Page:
Everyone knows what a fairy tale is; stories like Little Red Riding Hood and Rapunzel. But what do they mean in their context as children’s stories, and how can that context be redefined for different audiences? As a lover of fairy tales, both modern and traditional, this is what I set out this week to answer.
Let’s start with the first question; why do we tell fairy tales to children? They’re cautionary stories, designed to teach us about the world. They are two-dimensional, with characters not having any development, and the storyline is completely linear. All of these make them easy to comprehend – their message is clear – and easy to understand from a linguistic standpoint. Let’s put this into action, using the fairy tale of Little Red Riding Hood. My quick retelling goes like this;
Little Red Riding Hood is going to grandma’s, her red hood wrapped tightly around her head. “Be careful,” Red Riding Hood’s mum said. “There are wolves in the forest on the way to grandma’s house. Stay on the road.” Red Riding Hood nodded, picking up her basket of sweets to take to grandma.
In the forest, Red makes sure she is following the road. Behind the trees, a wolf spots her. He’s awfully hungry, and Red looks ever so delicious. The wolf decides to follow Red for a time, before revealing himself.
“Hello little girl, where are you off too with all those sweets?” he asks.
“I’m going to my grandma’s, on the other side of the woods,” she answers.
“Isn’t that sweet of you? There are some lovely flowers just off the path over there, don’t you think that your grandma would love them?” he responds.
“Mother told me not to go off the path.”
“It’s okay, they are just on the other side of those trees. You can trust me.”
Red decides that she can trust him, and goes and picks some flowers. In the meantime, the wolf runs over to grandma’s house and eats her up. He then quickly disguises himself in grandma’s clothing and tucks himself into grandma’s bed.
A little bit later, Red shows up at her grandma’s house.
“Grandma, are you home?”
“Yes, darling, I’m in the bedroom.”
“Wow, grandma, what a deep voice you have.”
“All the better to greet you with.”
“Grandma, what big eyes you have.”
“All the better to see you with.”
“Grandma, what big hands you have.”
“All the better to grab you with!”
“Grandma, what big teeth you have.”
“All the better to eat you with!”
Little Red Riding Hood is eaten by the wolf. Depending on the story, someone comes to save her. But for this, we’re leaving it here.
Obviously the moral of the story is to not trust strangers and to always listen to your mother when she tells you to stay on the path. Otherwise, you too will be eaten by a big bad wolf.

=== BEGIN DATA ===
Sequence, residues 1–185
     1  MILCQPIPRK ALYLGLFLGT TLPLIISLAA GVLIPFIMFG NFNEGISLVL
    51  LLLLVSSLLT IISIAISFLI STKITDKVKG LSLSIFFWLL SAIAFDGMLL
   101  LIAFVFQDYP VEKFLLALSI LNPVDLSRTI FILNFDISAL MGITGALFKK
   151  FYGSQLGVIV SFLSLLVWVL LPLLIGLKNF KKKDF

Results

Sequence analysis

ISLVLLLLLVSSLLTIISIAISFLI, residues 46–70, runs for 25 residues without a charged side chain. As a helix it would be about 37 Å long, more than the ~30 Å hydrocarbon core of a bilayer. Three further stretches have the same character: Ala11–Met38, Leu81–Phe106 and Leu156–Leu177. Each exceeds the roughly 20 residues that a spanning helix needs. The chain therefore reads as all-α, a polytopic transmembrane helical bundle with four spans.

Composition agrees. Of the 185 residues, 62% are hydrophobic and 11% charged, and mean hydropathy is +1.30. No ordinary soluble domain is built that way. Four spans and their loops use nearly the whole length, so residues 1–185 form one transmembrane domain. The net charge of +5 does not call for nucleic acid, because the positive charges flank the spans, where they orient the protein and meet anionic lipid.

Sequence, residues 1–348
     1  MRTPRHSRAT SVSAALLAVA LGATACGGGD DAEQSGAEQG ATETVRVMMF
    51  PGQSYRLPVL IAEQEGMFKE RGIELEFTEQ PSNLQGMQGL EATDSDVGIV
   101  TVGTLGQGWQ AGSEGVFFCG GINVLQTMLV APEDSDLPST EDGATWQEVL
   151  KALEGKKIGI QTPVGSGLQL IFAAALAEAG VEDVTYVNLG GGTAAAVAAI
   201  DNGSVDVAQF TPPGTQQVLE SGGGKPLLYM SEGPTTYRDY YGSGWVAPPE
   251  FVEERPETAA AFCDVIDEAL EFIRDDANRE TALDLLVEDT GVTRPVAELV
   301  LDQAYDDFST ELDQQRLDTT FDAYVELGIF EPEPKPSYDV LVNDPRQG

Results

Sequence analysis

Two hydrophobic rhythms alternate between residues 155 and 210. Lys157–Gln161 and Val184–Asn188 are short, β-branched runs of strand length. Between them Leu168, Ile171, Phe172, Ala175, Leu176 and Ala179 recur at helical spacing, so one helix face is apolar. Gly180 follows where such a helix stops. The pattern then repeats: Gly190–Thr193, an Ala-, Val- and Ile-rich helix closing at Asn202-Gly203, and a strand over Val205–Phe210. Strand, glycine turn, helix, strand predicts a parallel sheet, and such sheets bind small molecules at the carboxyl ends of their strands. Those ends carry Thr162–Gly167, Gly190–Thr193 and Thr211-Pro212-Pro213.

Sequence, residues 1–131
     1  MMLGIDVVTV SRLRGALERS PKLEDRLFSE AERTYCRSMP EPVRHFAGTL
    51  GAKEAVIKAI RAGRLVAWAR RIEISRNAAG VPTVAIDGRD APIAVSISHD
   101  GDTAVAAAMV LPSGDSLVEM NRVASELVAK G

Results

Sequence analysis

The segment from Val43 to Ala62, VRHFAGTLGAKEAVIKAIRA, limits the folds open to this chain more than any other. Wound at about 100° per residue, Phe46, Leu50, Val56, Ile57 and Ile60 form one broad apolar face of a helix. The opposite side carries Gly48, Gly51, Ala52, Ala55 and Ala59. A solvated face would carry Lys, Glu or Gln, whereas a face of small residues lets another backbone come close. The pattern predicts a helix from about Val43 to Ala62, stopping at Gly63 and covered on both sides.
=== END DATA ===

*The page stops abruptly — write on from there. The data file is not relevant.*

Now here’s where fairy tales become interesting. Take the same story I just told you, and instead of thinking of a little girl and a literal wolf, replace them with about a 12-year-old girl and a middle-aged hairy man. The story takes a much darker turn, right? But it still works pretty much the same. There’s a famous retelling that kind of follows this idea called Company of Wolves that reimagines the story of Little Red Riding Hood as a twisted comment on sexual predation and the bestial nature of humans, but it still follows the same format of the fairy tale. Another retelling, this time of Snow White, called Snow, Glass, Apples is probably one of my favourite fairy tale retellings because it twists the way you see Snow White as a character so much it becomes a horror story. The reason why they work, though, is because they’re targeted at an older audience. The audience has grown up knowing these stories for all their simplicity, but now they have the rubbings of cynicism from life to make them believe the stories for all their twisted darkness.
Which comes to the reason I love fairy tales and tales of faeries so much. Faeries, the traditional classification, are simply hyper-realistic humans. They are perfectly beautiful, they can’t lie and they live forever. Yet they’re feared because they, like any other human, twist the truth and play tricks on their unsuspecting victims. In Little Red Riding Hood, especially the versions where the hunter appears, she is a faerie. She reverses her fortunes, trapping and killing the wolf out of spite. She doesn’t die and she doesn’t lie, but she gets her way in the end. Writers can also use faeries to raise very real human problems. When I was thinking of writing this post, I was thinking of the Tithe series by Holly Black, and what kind of cautionary tale she was telling. Then it dawned on me; there are multiple. One of my favourites, though, was the representation of the abusive relationship between Nephamael and Corny (doesn’t hearing Corny as a character make you want to read this book?). Corny literally cannot get enough of Nephamael, because of the faerie’s charm, but every time they are together Nephamael plays ridiculous mind games and physically harms Corny. But if you take away the fact that Nephamael is a faerie, this could literally be any other human relationship and that’s the scary part. The fact that all of these tales come out of things that actually happen – rape and abuse – is really a scary thing. The redeeming part of this is that they always have a happy ending. The evil stepmother is always driven away, the prince falls in love with the girl, the wolf and the faerie die, and the girl is saved.
In short, the importance of fairy tales is that they are a cautionary tale about life. They show the worst in humanity, but they also provide hope. The truth is people go through these experiences and even though they’re not the same as the fairy tale it is the same thing that is happening. They see these things, even at young ages which is why fairy tales are told to children. The happy ending is integral because it shows that being good always wins, and that life goes on.